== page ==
A deal with Dell keeps Juniper on a roll in the enterprise, but now analysts are worried about its carrier prospects

Craig Matsumoto, Editor-in-Chief, Light Reading

October 27, 2009

3 Min Read
Juniper's Wireless Worry

Juniper Networks Inc. (NYSE: JNPR) might be doing well in expanding its business into the enterprise, but there's concern that the company needs more wireless ammunition against its bigger competitors.

The company got another enterprise ally today, as Dell Technologies (Nasdaq: DELL) announced an OEM agreement. Dell will be selling Juniper's MX routers, EX switches, and SRX gateways under the PowerConnect brand name. (See Juniper Teams With Dell.)

That will give Juniper another sales channel to the enterprise, as the company is already working with IBM Corp. (NYSE: IBM) -- as are Brocade Communications Systems Inc. (Nasdaq: BRCD) and Cisco Systems Inc. (Nasdaq: CSCO). (See IBM, Juniper Become BFFs.)

The Dell deal "doesn't really screw up the IBM relationship. I don't think IBM and Dell are at each other," says Greg Mesniaeff, an analyst with Needham & Co. His guess is that the IBM deal is more central to Juniper's data-center strategy. In fact, IBM is helping Juniper develop the yet-unexplained Stratus switch fabric. (See Juniper Strikes at the Data Center.)

So, Juniper has made strides with enterprise Ethernet, filling a product hole analysts were griping about two years ago. (See Juniper Storms Into Ethernet Switching and Feature Story: Juniper's Enterprise Vision.) But now they're worrying that Juniper is wanting on the service-provider side. It's like a game of Whac-A-Mole.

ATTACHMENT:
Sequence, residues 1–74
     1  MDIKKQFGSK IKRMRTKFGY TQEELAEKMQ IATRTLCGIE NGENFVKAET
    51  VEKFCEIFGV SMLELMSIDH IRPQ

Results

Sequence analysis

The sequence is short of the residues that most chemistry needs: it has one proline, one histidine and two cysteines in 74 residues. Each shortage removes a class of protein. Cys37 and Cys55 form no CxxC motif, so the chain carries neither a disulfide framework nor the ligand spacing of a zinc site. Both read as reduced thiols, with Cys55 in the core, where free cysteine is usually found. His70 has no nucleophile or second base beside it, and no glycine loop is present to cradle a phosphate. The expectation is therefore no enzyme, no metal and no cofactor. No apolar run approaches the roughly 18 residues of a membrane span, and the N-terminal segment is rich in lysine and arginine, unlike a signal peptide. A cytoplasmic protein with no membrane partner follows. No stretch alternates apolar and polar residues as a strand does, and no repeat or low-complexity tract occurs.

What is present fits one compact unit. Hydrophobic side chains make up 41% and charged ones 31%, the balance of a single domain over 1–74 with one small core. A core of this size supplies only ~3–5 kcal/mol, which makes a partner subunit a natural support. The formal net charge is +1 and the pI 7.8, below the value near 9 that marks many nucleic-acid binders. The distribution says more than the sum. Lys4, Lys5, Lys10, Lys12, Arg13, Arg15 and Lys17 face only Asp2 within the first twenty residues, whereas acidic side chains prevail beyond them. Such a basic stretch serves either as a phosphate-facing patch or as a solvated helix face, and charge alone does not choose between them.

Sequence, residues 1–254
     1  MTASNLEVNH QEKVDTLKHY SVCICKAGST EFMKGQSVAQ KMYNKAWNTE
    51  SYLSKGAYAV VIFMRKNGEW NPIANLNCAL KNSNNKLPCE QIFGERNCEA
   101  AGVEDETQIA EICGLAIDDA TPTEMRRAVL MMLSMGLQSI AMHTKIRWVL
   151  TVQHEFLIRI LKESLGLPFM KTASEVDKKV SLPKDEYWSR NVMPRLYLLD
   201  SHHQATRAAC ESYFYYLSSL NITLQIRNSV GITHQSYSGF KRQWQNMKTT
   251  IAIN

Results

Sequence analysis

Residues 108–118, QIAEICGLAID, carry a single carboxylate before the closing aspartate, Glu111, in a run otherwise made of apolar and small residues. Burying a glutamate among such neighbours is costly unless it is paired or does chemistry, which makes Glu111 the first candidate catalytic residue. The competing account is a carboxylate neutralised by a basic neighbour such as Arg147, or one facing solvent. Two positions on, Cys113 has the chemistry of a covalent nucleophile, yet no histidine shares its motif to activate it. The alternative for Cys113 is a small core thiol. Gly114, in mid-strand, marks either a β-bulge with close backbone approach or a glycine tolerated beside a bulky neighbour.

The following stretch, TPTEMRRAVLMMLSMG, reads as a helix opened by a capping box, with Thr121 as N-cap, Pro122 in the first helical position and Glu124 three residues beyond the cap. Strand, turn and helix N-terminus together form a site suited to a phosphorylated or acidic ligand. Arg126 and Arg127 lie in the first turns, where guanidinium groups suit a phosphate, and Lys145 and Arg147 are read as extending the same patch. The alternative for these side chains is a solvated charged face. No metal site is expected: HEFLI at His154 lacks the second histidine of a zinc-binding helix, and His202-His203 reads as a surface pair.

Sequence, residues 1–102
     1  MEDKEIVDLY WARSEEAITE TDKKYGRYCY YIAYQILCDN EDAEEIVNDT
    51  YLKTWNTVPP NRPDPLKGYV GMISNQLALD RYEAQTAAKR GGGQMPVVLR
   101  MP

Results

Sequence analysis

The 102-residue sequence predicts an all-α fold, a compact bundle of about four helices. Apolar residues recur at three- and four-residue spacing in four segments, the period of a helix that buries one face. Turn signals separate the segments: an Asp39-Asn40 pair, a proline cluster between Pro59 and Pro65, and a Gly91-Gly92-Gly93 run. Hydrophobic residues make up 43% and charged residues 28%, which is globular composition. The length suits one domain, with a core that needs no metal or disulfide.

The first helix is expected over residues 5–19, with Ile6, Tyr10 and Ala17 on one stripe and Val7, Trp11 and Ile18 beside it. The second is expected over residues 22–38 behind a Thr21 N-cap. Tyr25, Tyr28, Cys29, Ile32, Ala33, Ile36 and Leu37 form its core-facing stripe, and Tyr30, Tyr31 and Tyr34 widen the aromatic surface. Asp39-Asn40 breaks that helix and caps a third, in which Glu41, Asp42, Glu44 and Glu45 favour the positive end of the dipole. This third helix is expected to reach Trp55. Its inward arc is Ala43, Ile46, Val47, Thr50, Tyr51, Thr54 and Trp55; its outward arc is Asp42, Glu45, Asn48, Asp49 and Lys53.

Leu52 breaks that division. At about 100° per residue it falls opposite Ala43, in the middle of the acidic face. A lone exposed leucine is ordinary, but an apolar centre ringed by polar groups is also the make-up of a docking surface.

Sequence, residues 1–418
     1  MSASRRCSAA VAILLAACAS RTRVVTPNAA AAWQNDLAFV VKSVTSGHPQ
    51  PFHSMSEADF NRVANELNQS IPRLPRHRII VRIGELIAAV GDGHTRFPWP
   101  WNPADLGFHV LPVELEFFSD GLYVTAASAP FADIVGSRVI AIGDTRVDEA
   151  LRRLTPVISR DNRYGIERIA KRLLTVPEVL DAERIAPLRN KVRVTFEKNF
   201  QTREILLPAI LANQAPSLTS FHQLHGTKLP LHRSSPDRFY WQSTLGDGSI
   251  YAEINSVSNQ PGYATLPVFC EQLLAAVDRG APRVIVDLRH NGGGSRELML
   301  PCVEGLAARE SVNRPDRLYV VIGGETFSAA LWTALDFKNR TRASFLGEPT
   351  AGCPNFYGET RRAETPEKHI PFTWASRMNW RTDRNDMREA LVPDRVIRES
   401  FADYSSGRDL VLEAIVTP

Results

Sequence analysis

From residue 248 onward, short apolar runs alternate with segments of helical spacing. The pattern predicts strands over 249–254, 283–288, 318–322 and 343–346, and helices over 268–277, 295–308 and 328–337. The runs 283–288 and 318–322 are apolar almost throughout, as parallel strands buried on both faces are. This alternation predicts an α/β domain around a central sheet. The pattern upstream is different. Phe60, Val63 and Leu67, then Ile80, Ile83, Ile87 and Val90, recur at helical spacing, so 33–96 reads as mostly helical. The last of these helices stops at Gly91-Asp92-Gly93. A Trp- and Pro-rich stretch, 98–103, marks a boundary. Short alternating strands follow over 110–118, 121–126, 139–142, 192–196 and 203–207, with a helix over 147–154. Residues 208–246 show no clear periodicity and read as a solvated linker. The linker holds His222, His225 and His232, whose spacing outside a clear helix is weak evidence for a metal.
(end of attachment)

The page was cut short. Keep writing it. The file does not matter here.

"They clearly don't have a wireless strategy yet. They should. That's a hole," says Mesniaeff.

The problem is that carriers increasingly want to buy sets of products -- what vendors like to call (groan) an end-to-end solution. Juniper's strategy has been to win on technology, but "the shift in focus towards a portfolio of solutions makes Juniper less competitive in the changing market," writes analyst Catharine Trebnick of Avian Securities LLC , in a research note published last week.

Trebnick thinks Juniper needs to get a mobile packet core product, specifically. If it's developing one on its own, that's going to take $250 million to $300 million in R&D costs, she writes.

The other option would be an acquisition. Cisco and Tellabs Inc. (Nasdaq: TLAB; Frankfurt: BTLA) have put claims on Starent Networks Corp. (Nasdaq: STAR) and WiChorus, respectively, in the past two weeks. Assuming Juniper doesn't want to start a bidding war for those two, it could try acquiring Stoke Inc. or the mobile core assets of Harris Stratex Networks Inc. (Nasdaq: HSTX), Trebnick writes. (See Cisco to Buy Starent for $2.9B and Cisco/Starent Deal Hurts Juniper.)

Juniper might state its case Oct. 29, as executives will be in New York for a briefing with press and analysts. That morning, they'll also ring the opening bell for the New York Stock Exchange (NYSE) ; Juniper jumped to that exchange from Nasdaq earlier this month. (See Juniper to Join NYSE.)

As for what's going to be announced, Juniper hasn't said. But there's a rumor afoot that the company has a new chip and a new logo to show off. (See Juniper's New Look.)

— Craig Matsumoto, West Coast Editor, Light Reading

About the Author(s)

Craig Matsumoto

Editor-in-Chief, Light Reading

Yes, THAT Craig Matsumoto – who used to be at Light Reading from 2002 until 2013 and then went away and did other stuff and now HE'S BACK! As Editor-in-Chief. Go Craig!!

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